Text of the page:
In May 1843 – 170 years ago this month – Jesse Applegate and his brothers and their families left Missouri for Oregon. They were among the early pioneers to Oregon, four years earlier than the emigrants of 1847 in my novel about the Oregon Trail. In fact, 1843 was the first year of significant migration to Oregon; the travelers that year and their lengthy wagon trains became known as “the Great Migration.”
The Applegate party faced many difficulties along the way. The first problem arose because families with livestock could not keep up with emigrants not herding cattle. The wagon train divided into the faster group and the “cow column,” which lagged behind the others. Jesse Applegate was the leader of the cow column.
Jesse Applegate later wrote a reminiscence entitled “A Day with the Cow Column in 1843,” which was published by the Oregon Pioneer Association in 1876, and re-published in the Quarterly of the Oregon Historical Society, Vol. 1, No. 4 (Dec. 1900). In this account, we hear his perspective of a day on the trail, from the time they arose at 4:00am, until the evening watch began after supper at 8:00pm. It is a fascinating story of life on the trail, and one I referred to frequently in drafting my novel.
The greater difficulty the Applegates faced came after they abandoned their wagons at the Whitman Mission, and built boats to float down the Columbia River. One of Jesse’s sons and one of his nephews, both nine years old, drowned when a boat capsized on the Columbia – a frequent occurrence as the boats pitched over rapids in the roiling current. I grew up on the Columbia, but not until after it was dammed. The river today is nothing like what the emigrants of the 19th century faced.
As a result of the tragedy the Applegates suffered on the Columbia, Jesse, who had been a surveyor in Missouri, and his brothers decided to improve the route to Oregon. In 1846, the Oregon Provisional Legislature authorized Jesse to survey a southern route into Oregon City. The route he blazed passed from Fort Hall, in what is now Idaho, along the Humboldt River in present-day Nevada, before moving into California and through southern Oregon into the Willamette Valley. This route came to be known as the Applegate Trail.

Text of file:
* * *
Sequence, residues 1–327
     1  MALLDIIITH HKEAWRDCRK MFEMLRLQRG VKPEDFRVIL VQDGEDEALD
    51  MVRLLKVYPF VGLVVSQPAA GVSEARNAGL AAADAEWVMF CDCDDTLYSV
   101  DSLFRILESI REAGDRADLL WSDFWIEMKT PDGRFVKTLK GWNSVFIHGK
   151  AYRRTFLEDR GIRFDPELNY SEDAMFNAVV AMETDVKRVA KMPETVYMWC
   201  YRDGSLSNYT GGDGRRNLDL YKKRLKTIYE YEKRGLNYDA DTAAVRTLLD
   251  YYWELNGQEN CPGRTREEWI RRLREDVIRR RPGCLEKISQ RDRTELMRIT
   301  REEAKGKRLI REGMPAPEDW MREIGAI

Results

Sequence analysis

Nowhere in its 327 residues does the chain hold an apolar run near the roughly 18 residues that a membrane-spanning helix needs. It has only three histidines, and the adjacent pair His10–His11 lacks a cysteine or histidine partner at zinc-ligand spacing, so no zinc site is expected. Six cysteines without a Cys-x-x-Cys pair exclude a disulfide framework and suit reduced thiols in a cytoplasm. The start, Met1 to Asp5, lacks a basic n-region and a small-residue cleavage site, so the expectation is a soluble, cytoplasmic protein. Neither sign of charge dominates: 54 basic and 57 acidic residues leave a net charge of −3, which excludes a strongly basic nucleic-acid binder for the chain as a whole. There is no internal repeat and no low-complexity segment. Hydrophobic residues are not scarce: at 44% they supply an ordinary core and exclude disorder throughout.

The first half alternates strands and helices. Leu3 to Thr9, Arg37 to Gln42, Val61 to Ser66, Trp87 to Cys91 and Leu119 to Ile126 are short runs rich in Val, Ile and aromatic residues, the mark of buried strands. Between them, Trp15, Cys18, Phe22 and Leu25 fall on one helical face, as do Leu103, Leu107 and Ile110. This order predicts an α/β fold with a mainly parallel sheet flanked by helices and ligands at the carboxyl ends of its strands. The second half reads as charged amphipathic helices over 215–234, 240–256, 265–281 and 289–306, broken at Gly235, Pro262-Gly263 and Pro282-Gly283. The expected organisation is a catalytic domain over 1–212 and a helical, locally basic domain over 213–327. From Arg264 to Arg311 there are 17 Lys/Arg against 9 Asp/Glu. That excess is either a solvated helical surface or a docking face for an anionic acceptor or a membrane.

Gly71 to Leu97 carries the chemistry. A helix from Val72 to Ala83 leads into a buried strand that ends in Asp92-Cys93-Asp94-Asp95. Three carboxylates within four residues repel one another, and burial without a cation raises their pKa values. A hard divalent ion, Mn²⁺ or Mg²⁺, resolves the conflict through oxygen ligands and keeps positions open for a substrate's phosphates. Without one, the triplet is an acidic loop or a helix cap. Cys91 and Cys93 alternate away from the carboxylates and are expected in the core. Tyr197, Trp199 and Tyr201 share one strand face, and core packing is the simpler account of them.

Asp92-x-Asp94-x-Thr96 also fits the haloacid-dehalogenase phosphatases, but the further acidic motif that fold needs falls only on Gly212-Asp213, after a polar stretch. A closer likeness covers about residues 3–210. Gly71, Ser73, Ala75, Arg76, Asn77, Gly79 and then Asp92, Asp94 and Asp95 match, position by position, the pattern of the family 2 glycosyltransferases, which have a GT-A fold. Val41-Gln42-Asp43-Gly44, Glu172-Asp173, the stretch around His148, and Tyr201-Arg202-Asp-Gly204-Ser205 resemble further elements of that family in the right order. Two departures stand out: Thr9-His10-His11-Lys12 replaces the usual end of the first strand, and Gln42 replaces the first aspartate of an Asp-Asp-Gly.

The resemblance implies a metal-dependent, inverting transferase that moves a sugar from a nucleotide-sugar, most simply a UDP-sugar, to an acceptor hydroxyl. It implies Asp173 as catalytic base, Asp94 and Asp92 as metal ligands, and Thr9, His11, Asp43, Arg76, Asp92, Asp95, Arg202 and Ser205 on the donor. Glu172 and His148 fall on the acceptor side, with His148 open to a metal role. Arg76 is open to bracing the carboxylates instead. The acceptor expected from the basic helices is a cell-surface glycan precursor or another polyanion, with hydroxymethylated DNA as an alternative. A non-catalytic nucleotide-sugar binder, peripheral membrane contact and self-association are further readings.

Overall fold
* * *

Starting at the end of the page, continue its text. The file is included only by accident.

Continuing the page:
Here is part of the letter Jesse Applegate wrote dated August 10, 1846, “to future emigrants” at Fort Hall:
The undersigned are happy to inform you that a southern route to the Willamette, has just been explored, and a portion of the emigration of the present year are now upon the road. . . .
The new route follows the road to California about 320 miles from this place, and enters the Oregon Territory by the way of the Clamet [Klamath] Lake, passes through the splendid vallies of the Rogue and Umqua rivers, and enters the valley of the Willamette near its south eastern extremity.
The advantage gained to the emigrant by this route is of the greatest importance—the distance is considerably shortened, the grass and water plenty, the sterile regions and dangerous crossings of the Snake and Columbia rivers avoided, as well as the Cascade Mountain—he may reach his place of destination with his wagon and property in time to build a cabin and sow wheat before the rainy season. This road has been explored, and will be opened at the expense of the citizens of Oregon, and nothing whatever demanded of the emigrants. . . .
Many emigrants used the Applegate Trail to get to the California gold fields after the 1848 discovery of gold. In fact, Jesse and his brother Lindsay both left Oregon in 1848 to seek their fortunes in California. They did not stay, but returned to Oregon in 1849 to farm in the Umpqua Valley.
The Applegates’ tale has fostered the imagination of other writers in addition to myself. Jesse’s great-great-granddaughter, Leta Neiderheiser, published a book, Jesse Applegate: A Dialog With Destiny, that recounts his life.